In order to support its next round of ambitious projects, the St. John Historical Society will hold a fundraiser at 3:30 p.m. Sunday, April 7, at Lucky Chops Restaurant in Cruz Bay. The event, titled “Past, Present & Future: Honoring Our Heritage,” will include a cocktail sip, silent auction, and celebration to honor four community members who helped build the organization.
Tickets are $45 and available at Connections or by calling 340-344-4303.
The organization suffered setbacks from Hurricane Irma, SJHS Board President Lonnie Willis said.
“We’re still in recovery, so we scaled back from our annual gala to a cocktail sip. We didn’t want the year to go by without showing appreciation for all the people who have done so much for us,” Willis said.
The four senior members being honored are Elroy Sprauve, Andromeda Childs, Margaret Labrenz and Beverly Biziewski.
– “Mr. Elroy,” as Sprauve is commonly known, was born in Cruz Bay and served as the principal of the public school named after his father, Julius E. Sprauve.
“He has a wonderful memory,” said Willis. “He has always brought personal artifacts, like his parents’ wedding dishes, and a family rocking chair, and shared stories about them at our presentations.”
– Andromeda Childs became the curator of artifacts “back in the day” when they were displayed in the jail cells at the Battery, and later at the Elaine I. Sprauve Library and Museum of Cultural Artifacts.
Born at the heart of Cruz Bay at what’s now the site of The Landing restaurant, she spent 30 years in New York before returning to her native island to help preserve its cultural traditions.
– In addition to serving as SJHS’s president and treasurer, Margie Labrenz played a critical role in saving the group’s priceless archives by securing them in her office at Cruz Bay Realty while her own home sustained damage from Hurricane Irma. After living on St. John for 40 years, Labrenz relocated to Florida following the storms of 2017.
– Beverly Biziewski is “one of the bedrocks” of the organization, according to Willis. The former nurse joined “every community organization – Lioness, BPW, AARP, the Nazareth Lutheran Church, the Audubon Society and the St. John Singers” over her more than 40 years on St. John. Working with Labrenz to set up chairs for events, prepare food, or sell tickets, Biziewski did it “with more energy than could be imagined,” Willis said.
Sprauve and Biziewski are expected to attend the event held in their honor.
The St. John Historical Society has never had a home of its own, but Willis is hoping this will soon change. Almost ten years ago, it secured a lease for 99 years for 6,000 square feet of undeveloped land in Estate Bellevue.
The property is part of a tract owned by the St. John Community Foundation that was originally bought by Reliance Housing when the company was constructing the adjacent Bellevue Village Housing Community. Because the tract is laced with significant historical ruins, including a village for enslaved Africans, it was deemed unsuitable for a housing development and was subsequently deeded to the Community Foundation.
Now the Historical Society is starting a campaign to raise as much as $1.5 million to develop the design and construct the building which will serve as a museum, archive, and meeting place. Using his knowledge of design that has historically withstood the ravages of hurricanes, architect Doug White has already completed a plan for the exterior of the building.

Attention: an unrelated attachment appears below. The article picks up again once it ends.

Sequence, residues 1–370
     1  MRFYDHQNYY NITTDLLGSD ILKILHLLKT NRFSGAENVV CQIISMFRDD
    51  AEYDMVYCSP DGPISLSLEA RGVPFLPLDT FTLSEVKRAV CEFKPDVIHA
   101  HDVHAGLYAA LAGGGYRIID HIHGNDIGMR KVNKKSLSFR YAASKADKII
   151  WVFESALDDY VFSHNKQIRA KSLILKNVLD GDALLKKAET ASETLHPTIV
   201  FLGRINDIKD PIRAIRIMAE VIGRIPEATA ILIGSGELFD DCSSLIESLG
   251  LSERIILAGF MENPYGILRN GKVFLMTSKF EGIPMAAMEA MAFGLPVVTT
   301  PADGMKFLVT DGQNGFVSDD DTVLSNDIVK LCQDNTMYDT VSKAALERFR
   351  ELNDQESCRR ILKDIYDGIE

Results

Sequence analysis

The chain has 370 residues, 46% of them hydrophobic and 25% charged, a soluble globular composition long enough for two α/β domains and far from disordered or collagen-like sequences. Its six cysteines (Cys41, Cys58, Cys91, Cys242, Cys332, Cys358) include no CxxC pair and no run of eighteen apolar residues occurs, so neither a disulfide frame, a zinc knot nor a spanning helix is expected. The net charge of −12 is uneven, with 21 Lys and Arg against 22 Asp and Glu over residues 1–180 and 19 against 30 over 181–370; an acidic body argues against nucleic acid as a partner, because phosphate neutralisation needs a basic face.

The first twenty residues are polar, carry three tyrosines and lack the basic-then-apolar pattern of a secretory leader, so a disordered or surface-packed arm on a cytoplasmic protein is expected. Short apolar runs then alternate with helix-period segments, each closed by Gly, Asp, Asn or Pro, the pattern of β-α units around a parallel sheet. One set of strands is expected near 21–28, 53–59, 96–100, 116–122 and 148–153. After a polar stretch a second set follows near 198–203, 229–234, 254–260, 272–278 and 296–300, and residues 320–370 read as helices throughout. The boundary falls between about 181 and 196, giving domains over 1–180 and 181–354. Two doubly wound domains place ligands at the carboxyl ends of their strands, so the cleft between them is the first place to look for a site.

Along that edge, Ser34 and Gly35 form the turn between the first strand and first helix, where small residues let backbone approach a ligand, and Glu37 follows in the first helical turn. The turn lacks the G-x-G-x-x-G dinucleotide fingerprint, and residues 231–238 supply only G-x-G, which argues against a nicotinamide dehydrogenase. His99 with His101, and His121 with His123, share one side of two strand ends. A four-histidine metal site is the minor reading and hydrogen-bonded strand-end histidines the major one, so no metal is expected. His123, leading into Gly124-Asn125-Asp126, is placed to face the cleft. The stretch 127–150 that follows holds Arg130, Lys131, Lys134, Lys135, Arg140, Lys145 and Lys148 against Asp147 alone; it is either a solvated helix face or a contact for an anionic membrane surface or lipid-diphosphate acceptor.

Willis said the proposed design includes a display area on the top floor and a “hardened” space downstairs where artifacts can be moved when a storm approaches. The structure, which will hold 60 or more people, is similar in size to the meeting hall at Bethany Moravian Church, where the Historical Society has met for the past several years.
Finding a permanent home for the organization’s archives and artifacts is critical, Willis said. Many of the artifacts, which had been collected by members and stored in their homes, were lost in Hurricane Irma. Willis herself lost many items, including an extensive antique bottle collection, when her home was destroyed.
Although building a permanent home could take years, Willis said the group has plans for other projects that should be completed within the upcoming year. One of them is to produce a map and guide for a walking tour of Cruz Bay, which was declared a National Historic Site in 2016.
Once the map is available, Willis wants to organize “the Amazing Cruz Bay Historic Race” for children in the community. Teams of youngsters will compete to locate historic landmarks within the town.
“We need to do much to get students invested in the history of the island,” Willis said.
Willis said she is also excited about an upcoming film produced by Patrice Harley and Lorelei Monsanto, with the help of videographer Bill Steltzer, based on interviews with St. John elders. The project, “Our History Keepers,” just received a grant from News of St. John, a blog which held a raffle in March to fund community projects.
In 2015 the SJHS, with funding from the State Historic Preservation Office, completed the first phase of the restoration of the historic Martin-Van Beverhoudt cemetery in Cruz Bay. The second phase of the project, which includes building walls and installing signage for the grave sites of six Free-Colored Danish West Indians who died in the 19th century, has been contracted by the Historical Society.
The SJHS is also hoping to publish a new edition of “Life in Five Quarters,” its 2010 book containing stories, pictures, and descriptions of earlier ways of life on St. John.
The St. John Historic Society typically holds events from November through April. Its Facebook page has 2,000 followers, and its newsletter is sent out to 500 members. Further information is online at the society’s website.